Designs, Codes and Cryptography

, Volume 74, Issue 2, pp 325–354 | Cite as

On the complexity of the BKW algorithm on LWE

  • Martin R. Albrecht
  • Carlos Cid
  • Jean-Charles Faugère
  • Robert Fitzpatrick
  • Ludovic Perret
Article

Abstract

This work presents a study of the complexity of the Blum–Kalai–Wasserman (BKW) algorithm when applied to the Learning with Errors (LWE) problem, by providing refined estimates for the data and computational effort requirements for solving concrete instances of the LWE problem. We apply this refined analysis to suggested parameters for various LWE-based cryptographic schemes from the literature and compare with alternative approaches based on lattice reduction. As a result, we provide new upper bounds for the concrete hardness of these LWE-based schemes. Rather surprisingly, it appears that BKW algorithm outperforms known estimates for lattice reduction algorithms starting in dimension \(n \approx 250\) when LWE is reduced to SIS. However, this assumes access to an unbounded number of LWE samples.

Keywords

Learning with errors BKW LPN FHE 

Mathematics Subject Classification

94A60 

References

  1. 1.
    Agrawal S., Gentry C., Halevi S., Sahai A.: Discrete Gaussian Leftover Hash Lemma over infinite domains. Cryptology ePrint Archive, Report 2012/714, http://eprint.iacr.org/ (2012). Accessed 27 Dec 2012.
  2. 2.
    Ajtai M., Kumar R., Sivakumar, D.: Sampling short lattice vectors and the closest lattice vector problem. In: IEEE Conference on Computational Complexity, pp. 53–57 (2002).Google Scholar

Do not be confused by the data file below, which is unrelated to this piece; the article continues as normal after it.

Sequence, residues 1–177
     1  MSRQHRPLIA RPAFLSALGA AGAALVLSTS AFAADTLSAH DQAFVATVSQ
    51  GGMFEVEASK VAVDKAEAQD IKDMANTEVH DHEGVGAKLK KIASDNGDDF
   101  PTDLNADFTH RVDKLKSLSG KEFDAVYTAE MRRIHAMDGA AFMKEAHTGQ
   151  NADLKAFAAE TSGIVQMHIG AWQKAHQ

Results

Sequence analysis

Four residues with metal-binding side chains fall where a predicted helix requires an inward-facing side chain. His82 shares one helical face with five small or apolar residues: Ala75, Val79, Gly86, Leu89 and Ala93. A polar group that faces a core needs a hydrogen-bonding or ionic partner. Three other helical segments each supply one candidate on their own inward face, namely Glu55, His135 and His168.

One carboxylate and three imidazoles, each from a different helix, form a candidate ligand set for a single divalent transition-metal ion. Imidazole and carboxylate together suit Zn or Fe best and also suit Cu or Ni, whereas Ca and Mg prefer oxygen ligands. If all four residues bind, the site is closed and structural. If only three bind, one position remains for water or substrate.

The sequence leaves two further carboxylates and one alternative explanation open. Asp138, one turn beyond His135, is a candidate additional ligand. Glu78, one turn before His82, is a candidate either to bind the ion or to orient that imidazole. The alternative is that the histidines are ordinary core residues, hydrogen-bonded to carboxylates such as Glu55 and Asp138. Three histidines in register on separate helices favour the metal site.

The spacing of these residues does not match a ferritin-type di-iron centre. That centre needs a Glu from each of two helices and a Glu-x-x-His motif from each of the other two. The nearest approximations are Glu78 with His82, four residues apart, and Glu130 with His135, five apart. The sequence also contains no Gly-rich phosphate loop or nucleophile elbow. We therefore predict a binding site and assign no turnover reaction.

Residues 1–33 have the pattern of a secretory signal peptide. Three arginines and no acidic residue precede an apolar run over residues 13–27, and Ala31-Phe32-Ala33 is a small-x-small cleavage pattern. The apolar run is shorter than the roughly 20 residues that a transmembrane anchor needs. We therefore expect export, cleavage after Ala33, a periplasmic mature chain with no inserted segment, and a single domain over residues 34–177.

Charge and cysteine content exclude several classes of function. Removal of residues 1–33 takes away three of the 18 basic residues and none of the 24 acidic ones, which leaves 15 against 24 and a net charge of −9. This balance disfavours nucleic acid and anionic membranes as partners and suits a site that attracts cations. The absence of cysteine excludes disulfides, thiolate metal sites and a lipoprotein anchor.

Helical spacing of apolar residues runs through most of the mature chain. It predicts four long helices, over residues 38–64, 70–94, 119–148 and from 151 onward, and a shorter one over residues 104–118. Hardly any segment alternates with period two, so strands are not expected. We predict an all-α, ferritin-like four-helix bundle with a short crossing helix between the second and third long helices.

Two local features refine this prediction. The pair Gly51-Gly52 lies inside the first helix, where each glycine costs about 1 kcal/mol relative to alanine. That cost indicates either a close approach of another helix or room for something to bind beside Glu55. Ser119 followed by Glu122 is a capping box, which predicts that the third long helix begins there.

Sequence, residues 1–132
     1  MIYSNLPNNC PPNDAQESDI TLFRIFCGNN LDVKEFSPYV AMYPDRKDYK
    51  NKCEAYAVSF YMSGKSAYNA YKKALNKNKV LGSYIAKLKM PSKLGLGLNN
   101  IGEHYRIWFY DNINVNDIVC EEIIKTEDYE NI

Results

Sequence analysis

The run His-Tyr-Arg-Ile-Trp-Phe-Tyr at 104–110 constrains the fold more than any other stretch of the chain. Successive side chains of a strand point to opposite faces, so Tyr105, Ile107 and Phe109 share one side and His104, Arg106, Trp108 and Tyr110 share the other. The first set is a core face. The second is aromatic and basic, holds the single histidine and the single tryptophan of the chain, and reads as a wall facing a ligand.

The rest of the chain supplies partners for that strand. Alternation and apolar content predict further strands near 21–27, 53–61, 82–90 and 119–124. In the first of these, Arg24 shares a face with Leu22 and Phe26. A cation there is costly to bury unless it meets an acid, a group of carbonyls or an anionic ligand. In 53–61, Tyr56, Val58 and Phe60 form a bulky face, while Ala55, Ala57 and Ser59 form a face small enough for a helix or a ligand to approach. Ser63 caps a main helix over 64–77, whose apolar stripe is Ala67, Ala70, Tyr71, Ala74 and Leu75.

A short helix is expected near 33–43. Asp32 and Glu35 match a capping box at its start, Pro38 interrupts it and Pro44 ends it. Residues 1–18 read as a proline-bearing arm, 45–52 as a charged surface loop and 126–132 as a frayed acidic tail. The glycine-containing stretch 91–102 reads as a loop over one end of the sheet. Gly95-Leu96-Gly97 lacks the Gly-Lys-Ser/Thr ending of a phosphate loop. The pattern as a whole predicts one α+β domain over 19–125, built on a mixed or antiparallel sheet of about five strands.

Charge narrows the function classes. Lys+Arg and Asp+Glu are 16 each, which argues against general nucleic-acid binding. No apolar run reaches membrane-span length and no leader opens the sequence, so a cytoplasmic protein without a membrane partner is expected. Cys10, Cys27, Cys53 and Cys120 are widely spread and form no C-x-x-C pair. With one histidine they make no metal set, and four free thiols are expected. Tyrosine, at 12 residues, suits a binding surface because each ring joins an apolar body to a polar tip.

3. 3.
    Albrecht M.R.: https://bitbucket.org/malb/research-snippets/ (2012). Accessed 30 June 2013.
  4. 4.
    Albrecht M.R., Farshim P., Faugère J-.C., Perret L.: Polly Cracker, revisited. In: Advances in Cryptology—ASIACRYPT 2011. Lecture Notes in Computer Science, vol. 7073, pp. 179–196. Springer, Berlin. Cryptology ePrint Archive, Report 2011/289, http://eprint.iacr.org/ (2011). Accessed 19 Nov 2012.
  5. 5.
    Albrecht M., Cid C., Faugère J-.C., Fitzpatrick R., Perret L.: On the complexity of the Arora–Ge algorithm against LWE. In: Faugère J-.C., Gomez D., Gutierrez J., Perret L. (eds.) SCC ’12: Proceedings of the 3nd International Conference on Symbolic Computation and Cryptography, pp. 93–99. Castro-Urdiales, July (2012).Google Scholar
  6. 6.
    Albrecht M.R., Fitzpatrick R., Cabracas D., Göpfert F., Schneider M.: A generator for LWE and Ring-LWE instances. http://www.iacr.org/news/files/2013-04-29lwe-generator.pdf (2013). Accessed 29 Apr 2013.
  7. 7.
    Arora S.. Ge R.: New algorithms for learning in presence of errors. In: Aceto L., Henzinger M., Sgall J. (eds.) ICALP. Lecture Notes in Computer Science, vol. 6755, pp. 403–415. Springer, Berlin (2011).Google Scholar
  8. 8.
    Baigneres T., Junod P., Vaudenay S.: How far can we go beyond linear cryptanalysis? In: Lee P.J. (ed.) Advances in Cryptology—ASIACRYPT 2004. Lecture Notes in Computer Science, vol. 3329, pp. 432–450, Springer, Berlin (2004).Google Scholar
  9. 9.
    Blum A., Kalai A., Wasserman H.: Noise-tolerant learning, the parity problem, and the statistical query model. J. ACM. 50(4), 506–519 (2003).Google Scholar
  10. 10.
    Brakerski Z., Vaikuntanathan V.: Efficient fully homomorphic encryption from (standard) LWE. In: Ostrovsky R. (ed.) IEEE 52nd Annual Symposium on Foundations of Computer Science, FOCS 2011, pp. 97–106. IEEE (2011).Google Scholar
  11. 11.
    Brakerski Z., Langlois A., Peikert C., Regev O., Stehlé D.: Classical hardness of learning with errors. STOC. (2013) (to appear).Google Scholar
  12. 12.
    Chen Y., Nguyen P.Q.: BKZ 2.0: better lattice security estimates. In: Lee D.H., Wang X. (eds.) Advances in Cryptology—ASIACRYPT 2011. Lecture Notes in Computer Science, vol. 7073, pp. 1–20, Springer, Berlin (2011).Google Scholar
  13. 13.
    Duembgen L.: Bounding standard gaussian tail probabilities. arXiv:1012.2063 (2010).Google Scholar
  14. 14.
    Fouque P-.A., Levieil É.: An improved LPN algorithm. In: De Prisco R., Yung M. (eds.) Security and Cryptography for Networks, 5th International Conference, SCN 2006. Lecture Notes in Computer Science, vol. 4116, pp. 348–359. Springer, Berlin (2006).Google Scholar
  15. 15.